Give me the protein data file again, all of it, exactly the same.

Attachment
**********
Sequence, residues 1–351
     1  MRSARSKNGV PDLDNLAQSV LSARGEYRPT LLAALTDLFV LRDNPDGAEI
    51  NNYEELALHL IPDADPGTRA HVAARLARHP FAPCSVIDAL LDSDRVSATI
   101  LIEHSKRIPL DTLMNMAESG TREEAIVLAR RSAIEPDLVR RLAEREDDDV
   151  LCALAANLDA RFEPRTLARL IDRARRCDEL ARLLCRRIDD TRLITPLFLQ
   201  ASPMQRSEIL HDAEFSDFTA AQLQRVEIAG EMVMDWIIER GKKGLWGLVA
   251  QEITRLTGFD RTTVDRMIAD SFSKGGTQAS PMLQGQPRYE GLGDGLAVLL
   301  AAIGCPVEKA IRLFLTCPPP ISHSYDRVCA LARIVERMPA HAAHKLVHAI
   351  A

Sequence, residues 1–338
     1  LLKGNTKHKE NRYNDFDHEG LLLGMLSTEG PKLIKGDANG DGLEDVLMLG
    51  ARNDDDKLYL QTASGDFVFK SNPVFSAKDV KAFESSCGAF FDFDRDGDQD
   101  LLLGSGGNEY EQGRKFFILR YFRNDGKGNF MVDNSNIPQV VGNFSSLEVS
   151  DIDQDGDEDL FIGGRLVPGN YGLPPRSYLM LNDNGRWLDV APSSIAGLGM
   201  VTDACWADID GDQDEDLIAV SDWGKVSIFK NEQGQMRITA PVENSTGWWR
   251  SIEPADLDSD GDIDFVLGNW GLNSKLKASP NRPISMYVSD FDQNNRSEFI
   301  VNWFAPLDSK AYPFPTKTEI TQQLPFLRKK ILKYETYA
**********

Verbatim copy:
Sequence, residues 1–351
     1  MRSARSKNGV PDLDNLAQSV LSARGEYRPT LLAALTDLFV LRDNPDGAEI
    51  NNYEELALHL IPDADPGTRA HVAARLARHP FAPCSVIDAL LDSDRVSATI
   101  LIEHSKRIPL DTLMNMAESG TREEAIVLAR RSAIEPDLVR RLAEREDDDV
   151  LCALAANLDA RFEPRTLARL IDRARRCDEL ARLLCRRIDD TRLITPLFLQ
   201  ASPMQRSEIL HDAEFSDFTA AQLQRVEIAG EMVMDWIIER GKKGLWGLVA
   251  QEITRLTGFD RTTVDRMIAD SFSKGGTQAS PMLQGQPRYE GLGDGLAVLL
   301  AAIGCPVEKA IRLFLTCPPP ISHSYDRVCA LARIVERMPA HAAHKLVHAI
   351  A

Sequence, residues 1–338
     1  LLKGNTKHKE NRYNDFDHEG LLLGMLSTEG PKLIKGDANG DGLEDVLMLG
    51  ARNDDDKLYL QTASGDFVFK SNPVFSAKDV KAFESSCGAF FDFDRDGDQD
   101  LLLGSGGNEY EQGRKFFILR YFRNDGKGNF MVDNSNIPQV VGNFSSLEVS
   151  DIDQDGDEDL FIGGRLVPGN YGLPPRSYLM LNDNGRWLDV APSSIAGLGM
   201  VTDACWADID GDQDEDLIAV SDWGKVSIFK NEQGQMRITA PVENSTGWWR
   251  SIEPADLDSD GDIDFVLGNW GLNSKLKASP NRPISMYVSD FDQNNRSEFI
   301  VNWFAPLDSK AYPFPTKTEI TQQLPFLRKK ILKYETYA